Cowlings is a member of the 2009 USC Athletic Hall of Fame class along with Junior Seau, Rodney Peete, and John Robinson. USC's Cowlings Residential College is named in his honor.  Cowlings' Ford Bronco from the speed chase was purchased by Simpson's former sports agent Mike Gilbert. As of 2016, the vehicle is on loan to the Alcatraz East Crime Museum where it is on display as part of an exhibit on the O. J. Simpson murder trial.
In 2012, Fox News examined the lives of key individuals in the Simpson case and found that Cowlings was reportedly working as a handbag sales representative; in 2014, an ex-teammate told USA Today that Cowlings worked for B. Wayne Hughes, founder of Public Storage. Six months later, USA Today quoted retired tennis player and friend of Cowlings, Joe Kolkowitz, saying that Cowlings had retired and is still living in Southern California. According to TMZ in 2016, Cowlings had reportedly threatened to sue FX if he were portrayed negatively in the critically acclaimed series The People v. O. J. Simpson: American Crime Story, in which he is portrayed by Malcolm-Jamal Warner.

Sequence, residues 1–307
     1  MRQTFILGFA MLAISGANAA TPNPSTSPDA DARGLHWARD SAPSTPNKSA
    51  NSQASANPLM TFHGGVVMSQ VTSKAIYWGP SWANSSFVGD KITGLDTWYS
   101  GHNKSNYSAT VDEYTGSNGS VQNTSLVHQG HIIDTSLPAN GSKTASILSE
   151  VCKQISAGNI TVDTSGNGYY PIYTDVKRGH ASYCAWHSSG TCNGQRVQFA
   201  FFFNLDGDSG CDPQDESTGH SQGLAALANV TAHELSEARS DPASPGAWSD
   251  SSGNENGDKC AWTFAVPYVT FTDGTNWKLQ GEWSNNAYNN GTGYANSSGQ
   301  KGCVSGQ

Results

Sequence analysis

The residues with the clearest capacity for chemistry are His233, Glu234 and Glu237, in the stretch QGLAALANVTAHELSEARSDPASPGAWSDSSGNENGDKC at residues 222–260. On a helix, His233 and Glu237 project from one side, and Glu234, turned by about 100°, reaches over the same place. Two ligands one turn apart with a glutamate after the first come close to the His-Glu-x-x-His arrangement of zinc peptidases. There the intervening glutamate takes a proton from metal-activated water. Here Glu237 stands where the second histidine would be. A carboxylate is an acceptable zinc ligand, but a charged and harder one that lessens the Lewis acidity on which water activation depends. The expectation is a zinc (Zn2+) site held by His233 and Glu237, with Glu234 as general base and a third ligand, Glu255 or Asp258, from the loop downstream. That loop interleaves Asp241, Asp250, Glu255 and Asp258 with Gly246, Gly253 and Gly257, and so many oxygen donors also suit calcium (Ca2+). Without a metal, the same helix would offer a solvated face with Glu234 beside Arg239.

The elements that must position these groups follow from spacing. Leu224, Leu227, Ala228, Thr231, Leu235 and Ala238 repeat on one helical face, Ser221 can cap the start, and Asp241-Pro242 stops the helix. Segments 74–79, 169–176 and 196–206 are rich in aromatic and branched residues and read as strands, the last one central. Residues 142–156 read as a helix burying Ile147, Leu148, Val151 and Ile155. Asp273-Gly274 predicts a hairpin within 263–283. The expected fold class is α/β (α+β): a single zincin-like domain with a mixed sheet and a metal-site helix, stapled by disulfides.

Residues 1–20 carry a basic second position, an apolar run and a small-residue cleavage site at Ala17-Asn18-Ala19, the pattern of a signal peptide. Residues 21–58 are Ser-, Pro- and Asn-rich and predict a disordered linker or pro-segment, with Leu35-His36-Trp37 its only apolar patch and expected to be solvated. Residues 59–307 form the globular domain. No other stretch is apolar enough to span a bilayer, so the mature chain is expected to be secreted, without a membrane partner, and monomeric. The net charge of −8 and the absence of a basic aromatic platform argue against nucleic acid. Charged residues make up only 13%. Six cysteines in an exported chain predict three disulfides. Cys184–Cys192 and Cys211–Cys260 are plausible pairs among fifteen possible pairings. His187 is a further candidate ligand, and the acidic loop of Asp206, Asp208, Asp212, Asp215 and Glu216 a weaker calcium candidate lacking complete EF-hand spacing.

In March 2018, months after his parole for armed robbery and kidnapping, O. J. Simpson indicated in an interview that he may have chronic traumatic encephalopathy (CTE), a neurodegenerative disease common in athletes, who have suffered numerous head wounds or concussions, and that close friends and former teammates of his, including Al Cowlings, also struggle with the symptoms of CTE.
- Swift (1994)
- Marcin (1971), p. 56.
Ebony (Nov 1974), p. 170.
Ebony (Nov 1977), pp. 170–172.
- de Lama, George (June 21, 1994) "Cowlings, Simpson Inseparable, Even As Teens." Chicago Tribune. (Retrieved January 7, 2014.)